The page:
.... and then I actually, for the first time in my life, developed sexual attraction to my AVEN partner. Go figure. It worked out cause she's attracted to me as well, but. I'm pretty sure if I told my exes I'm now happily sexual with my new spouse, so it really was a wrong partner thing in the end (turns out my sexual attraction and romantic attraction are very separate and romantic can easily trigger without the sexual side, while the sexual side is hard to trigger in me but still possible) they would be pretty hurt. 

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Sally

It's pretty dicey to assure your marriage partner that if you look for and find an outside sexual partner, that will not endanger the marriage relationship, and you will not leave your marriage partner -- because it does happen.  No one can prevent themselves from falling in love with someone, and if that someone means love and sex are in the same "package", that will definitely affect the marriage.  

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Serran
3 minutes ago, Sally said:

It's pretty dicey to assure your marriage partner that if you look for and find an outside sexual partner, that will not endanger the marriage relationship, and you will not leave your marriage partner -- because it does happen.  No one can prevent themselves from falling in love with someone, and if that someone means love and sex are in the same "package", that will definitely affect the marriage.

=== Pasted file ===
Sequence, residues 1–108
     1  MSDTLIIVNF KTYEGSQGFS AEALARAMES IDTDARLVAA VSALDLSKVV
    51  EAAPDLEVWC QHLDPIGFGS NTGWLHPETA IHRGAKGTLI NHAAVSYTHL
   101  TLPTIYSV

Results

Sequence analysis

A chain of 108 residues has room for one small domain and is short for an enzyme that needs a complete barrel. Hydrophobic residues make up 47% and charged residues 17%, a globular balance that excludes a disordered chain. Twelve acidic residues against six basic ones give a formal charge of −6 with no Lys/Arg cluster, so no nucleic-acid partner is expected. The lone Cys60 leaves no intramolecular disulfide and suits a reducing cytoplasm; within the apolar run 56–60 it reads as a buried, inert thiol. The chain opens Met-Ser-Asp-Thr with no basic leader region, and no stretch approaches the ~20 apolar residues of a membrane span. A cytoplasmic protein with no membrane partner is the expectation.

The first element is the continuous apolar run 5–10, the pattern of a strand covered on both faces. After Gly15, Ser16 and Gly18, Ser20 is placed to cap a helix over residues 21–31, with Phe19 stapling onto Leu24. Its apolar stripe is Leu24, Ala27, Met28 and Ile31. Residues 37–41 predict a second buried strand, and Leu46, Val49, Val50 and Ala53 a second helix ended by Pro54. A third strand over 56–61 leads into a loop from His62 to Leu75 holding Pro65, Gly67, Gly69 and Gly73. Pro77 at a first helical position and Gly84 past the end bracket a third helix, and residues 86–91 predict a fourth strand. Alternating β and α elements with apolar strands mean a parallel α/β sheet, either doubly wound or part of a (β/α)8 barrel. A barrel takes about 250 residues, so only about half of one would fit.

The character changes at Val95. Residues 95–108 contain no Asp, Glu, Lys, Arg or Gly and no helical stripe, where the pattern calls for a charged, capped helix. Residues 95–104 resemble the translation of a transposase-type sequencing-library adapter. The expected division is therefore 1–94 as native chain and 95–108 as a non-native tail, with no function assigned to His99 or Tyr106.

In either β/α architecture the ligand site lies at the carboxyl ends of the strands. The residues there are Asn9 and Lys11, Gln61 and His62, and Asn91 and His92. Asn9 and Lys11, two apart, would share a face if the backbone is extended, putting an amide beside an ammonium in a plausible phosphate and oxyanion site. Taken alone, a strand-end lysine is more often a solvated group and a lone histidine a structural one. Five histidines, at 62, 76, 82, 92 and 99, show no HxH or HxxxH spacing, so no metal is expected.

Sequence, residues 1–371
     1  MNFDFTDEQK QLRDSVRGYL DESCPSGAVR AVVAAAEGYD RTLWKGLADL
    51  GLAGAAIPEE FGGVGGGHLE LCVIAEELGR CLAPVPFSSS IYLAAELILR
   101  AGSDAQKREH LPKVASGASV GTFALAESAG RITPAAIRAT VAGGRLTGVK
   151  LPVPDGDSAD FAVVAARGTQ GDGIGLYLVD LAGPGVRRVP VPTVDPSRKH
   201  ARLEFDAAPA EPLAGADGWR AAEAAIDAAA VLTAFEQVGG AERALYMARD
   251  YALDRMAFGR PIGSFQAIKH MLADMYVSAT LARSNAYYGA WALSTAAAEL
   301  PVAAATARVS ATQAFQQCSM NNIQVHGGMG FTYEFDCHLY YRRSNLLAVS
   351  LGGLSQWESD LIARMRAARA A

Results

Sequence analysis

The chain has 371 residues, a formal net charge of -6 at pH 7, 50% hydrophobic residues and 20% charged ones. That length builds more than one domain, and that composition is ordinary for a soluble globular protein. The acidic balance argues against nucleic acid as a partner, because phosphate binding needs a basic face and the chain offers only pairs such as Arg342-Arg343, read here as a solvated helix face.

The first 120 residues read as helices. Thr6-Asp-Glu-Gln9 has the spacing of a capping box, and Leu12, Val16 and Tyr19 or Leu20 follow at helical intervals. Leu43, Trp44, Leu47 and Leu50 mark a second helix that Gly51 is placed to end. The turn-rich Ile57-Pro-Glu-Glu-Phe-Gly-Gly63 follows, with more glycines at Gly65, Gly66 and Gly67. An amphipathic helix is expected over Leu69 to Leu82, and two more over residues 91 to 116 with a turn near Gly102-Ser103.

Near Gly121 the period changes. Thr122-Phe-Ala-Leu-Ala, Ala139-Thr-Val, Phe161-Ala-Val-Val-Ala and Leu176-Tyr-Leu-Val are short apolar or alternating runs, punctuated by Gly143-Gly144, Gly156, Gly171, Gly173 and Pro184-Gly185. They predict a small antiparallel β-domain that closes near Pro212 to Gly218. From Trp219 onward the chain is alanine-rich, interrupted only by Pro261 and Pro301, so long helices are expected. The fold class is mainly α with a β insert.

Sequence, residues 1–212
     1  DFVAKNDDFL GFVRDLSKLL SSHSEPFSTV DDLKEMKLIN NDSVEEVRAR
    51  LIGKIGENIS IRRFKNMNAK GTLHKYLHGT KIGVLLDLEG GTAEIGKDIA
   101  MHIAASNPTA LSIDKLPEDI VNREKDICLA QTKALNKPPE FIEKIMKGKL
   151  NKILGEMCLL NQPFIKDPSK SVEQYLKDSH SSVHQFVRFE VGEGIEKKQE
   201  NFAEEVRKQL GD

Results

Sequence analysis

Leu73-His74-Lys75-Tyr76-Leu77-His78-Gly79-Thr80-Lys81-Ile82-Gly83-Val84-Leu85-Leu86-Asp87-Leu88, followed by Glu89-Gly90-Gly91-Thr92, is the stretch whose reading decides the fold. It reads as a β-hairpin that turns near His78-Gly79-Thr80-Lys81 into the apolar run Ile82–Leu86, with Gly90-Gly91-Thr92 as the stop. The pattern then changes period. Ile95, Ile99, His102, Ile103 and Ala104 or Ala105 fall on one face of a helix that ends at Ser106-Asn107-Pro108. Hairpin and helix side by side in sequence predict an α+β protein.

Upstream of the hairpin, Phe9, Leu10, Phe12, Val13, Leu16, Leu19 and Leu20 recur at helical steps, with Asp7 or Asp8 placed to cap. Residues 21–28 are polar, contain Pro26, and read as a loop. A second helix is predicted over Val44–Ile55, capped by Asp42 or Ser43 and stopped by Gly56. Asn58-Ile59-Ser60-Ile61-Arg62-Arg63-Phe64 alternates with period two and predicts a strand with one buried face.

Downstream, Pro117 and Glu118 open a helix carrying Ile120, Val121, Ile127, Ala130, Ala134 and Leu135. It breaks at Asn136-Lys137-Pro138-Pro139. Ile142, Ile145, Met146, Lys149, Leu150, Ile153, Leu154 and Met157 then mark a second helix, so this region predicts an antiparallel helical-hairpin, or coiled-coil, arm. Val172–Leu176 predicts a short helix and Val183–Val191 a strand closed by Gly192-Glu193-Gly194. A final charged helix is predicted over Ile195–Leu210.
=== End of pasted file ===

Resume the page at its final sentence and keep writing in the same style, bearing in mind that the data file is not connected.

Does happen, but whereas most people who transition from mono to open fear it's the reason behind transition (well, if it's not a mutual interest anyway) ... that is an unfounded worry. Opening things up to poly is a thing people do because they feel they can do both, sometimes they are wrong. But, when you transition, you can easily assure your spouse "I have every intention of staying married to you, I just need sex and we are not compatible in that way. If we open things up, maybe we can find a way for us both to be happy by removing this stress from our relationship." 

 

Whereas... default for most people is "Another person means they will leave me right away" as if that's the whole intention behind finding someone else. 

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James121
On 2/21/2019 at 2:20 PM, SCPDX said:

To do that, she’s going to need to find a way to start having sex again. And she’ll dig deep and find it, even though she wasn’t able/willing to do that for me. 

That’s because for most people (not all) having sex is actually not that difficult if we are correctly motivated to have it. This is the exact reason that 99% of men will report that when they started trying for babies, their partners went from sex once in a blue moon to sex almost every moon. It’s simply about whether someone is motivated or not. Your partner isn’t motivated to have it. She says no, you are still there, you still show her love and affection, financially contribute/support her. There’s nothing lost for her so she just selfishly says....

 

 

no thanks.